(Recasts with annual rate)
MEXICO CITY, Nov 24 (Reuters) - Mexico’s annual inflation cooled more than expected in early November, falling to a record low and showing little impact from a sharply weaker peso currency.
Inflation in the 12 months through mid-November slowed to to 2.27 percent from 2.49 percent in the year-long period through the second half of October, the national statistics institute said on Tuesday.
The rate was the lowest reading for the first half of a month since 1989, as far back as data goes on the institute’s website. A poll of analysts by Reuters forecast a rate of 2.48 percent.
Inflation is expected to climb back to above the central bank’s 3 percent target next year, but sluggish growth is containing price pressures in Latin America’s No. 2 economy.
Mexican policymakers are expected to lift borrowing costs when the U.S. Federal Reserve raises interest rates, perhaps next month.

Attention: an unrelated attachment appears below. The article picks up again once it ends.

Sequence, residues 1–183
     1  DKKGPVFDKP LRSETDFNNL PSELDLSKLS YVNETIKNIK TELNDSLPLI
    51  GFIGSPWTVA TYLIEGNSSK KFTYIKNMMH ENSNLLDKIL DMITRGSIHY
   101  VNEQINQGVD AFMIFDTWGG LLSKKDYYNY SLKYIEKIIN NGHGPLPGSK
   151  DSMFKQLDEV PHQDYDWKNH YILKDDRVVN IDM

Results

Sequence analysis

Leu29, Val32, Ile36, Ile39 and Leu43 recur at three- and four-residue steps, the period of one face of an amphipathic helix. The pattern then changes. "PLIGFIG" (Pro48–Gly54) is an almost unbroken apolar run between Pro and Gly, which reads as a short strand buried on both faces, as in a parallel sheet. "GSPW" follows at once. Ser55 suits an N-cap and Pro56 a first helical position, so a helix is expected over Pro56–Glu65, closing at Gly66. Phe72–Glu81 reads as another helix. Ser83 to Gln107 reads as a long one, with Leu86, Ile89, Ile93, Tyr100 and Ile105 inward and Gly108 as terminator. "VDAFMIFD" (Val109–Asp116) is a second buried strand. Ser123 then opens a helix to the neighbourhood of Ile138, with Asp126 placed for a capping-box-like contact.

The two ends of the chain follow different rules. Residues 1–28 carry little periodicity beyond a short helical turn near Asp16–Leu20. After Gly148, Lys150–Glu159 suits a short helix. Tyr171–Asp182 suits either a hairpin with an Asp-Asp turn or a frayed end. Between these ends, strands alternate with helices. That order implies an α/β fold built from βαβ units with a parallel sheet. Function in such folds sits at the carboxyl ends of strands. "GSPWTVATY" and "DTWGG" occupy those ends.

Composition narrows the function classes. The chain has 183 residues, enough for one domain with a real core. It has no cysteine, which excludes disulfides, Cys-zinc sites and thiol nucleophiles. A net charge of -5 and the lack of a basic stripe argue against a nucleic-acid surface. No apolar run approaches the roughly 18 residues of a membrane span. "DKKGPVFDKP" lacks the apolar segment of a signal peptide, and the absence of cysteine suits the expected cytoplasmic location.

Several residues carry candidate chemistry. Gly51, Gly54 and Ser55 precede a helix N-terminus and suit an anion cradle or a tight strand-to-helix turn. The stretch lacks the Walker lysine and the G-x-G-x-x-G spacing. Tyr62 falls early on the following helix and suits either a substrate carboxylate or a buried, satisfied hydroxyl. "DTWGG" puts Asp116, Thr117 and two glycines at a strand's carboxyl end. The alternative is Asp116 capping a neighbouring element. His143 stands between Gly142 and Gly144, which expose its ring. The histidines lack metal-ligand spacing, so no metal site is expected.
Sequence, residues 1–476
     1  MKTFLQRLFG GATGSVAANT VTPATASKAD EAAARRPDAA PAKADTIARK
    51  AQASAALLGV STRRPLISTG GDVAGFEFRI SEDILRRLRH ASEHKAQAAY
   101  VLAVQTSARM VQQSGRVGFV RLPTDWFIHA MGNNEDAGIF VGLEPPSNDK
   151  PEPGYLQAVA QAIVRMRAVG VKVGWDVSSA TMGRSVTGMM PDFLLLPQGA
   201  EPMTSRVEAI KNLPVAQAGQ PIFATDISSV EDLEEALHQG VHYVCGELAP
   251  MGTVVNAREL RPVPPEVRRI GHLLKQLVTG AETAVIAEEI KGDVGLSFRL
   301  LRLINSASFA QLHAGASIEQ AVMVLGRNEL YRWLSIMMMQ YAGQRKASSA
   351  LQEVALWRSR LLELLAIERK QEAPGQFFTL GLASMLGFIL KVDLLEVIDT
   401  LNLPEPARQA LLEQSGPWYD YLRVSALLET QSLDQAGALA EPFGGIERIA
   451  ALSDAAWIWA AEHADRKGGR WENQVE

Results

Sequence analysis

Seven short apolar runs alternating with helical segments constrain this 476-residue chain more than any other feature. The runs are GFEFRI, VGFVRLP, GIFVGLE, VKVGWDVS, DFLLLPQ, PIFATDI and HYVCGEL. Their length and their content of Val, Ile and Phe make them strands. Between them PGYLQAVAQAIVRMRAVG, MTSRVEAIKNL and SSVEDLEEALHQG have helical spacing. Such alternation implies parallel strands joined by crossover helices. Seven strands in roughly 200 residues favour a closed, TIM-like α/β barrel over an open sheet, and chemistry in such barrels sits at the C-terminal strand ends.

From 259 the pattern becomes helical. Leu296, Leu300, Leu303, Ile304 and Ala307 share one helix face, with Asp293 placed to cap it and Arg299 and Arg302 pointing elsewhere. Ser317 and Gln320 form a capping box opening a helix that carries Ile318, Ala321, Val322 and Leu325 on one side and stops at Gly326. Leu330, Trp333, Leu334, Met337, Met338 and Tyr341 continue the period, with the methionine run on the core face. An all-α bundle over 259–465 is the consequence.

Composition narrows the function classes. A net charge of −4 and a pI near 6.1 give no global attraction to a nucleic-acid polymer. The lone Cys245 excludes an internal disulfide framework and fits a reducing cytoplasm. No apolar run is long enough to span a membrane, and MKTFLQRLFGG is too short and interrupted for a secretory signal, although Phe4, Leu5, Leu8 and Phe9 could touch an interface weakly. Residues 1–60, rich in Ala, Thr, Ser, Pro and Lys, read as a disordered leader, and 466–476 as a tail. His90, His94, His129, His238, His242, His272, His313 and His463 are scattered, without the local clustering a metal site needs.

Concerns about the impact of higher U.S. borrowing costs have hammered the peso to successive record lows this year.
But the latest data underscored the so-far limited impact of peso weakness. While the depreciation of the currency has made imported goods more expensive, it has been offset by price drops, such as a big decrease in telecommunications costs.
The data showed that consumer prices rose by 0.52 percent in the first half of November. The analysts’ poll had forecast a 0.73 percent increase.
The core price index, which strips out some volatile food and energy prices, was unchanged, well below expectations for 0.16 increase and taking the 12-month core inflation rate down to 2.35 percent. (Reporting by Michael O‘Boyle Editing by W Simon)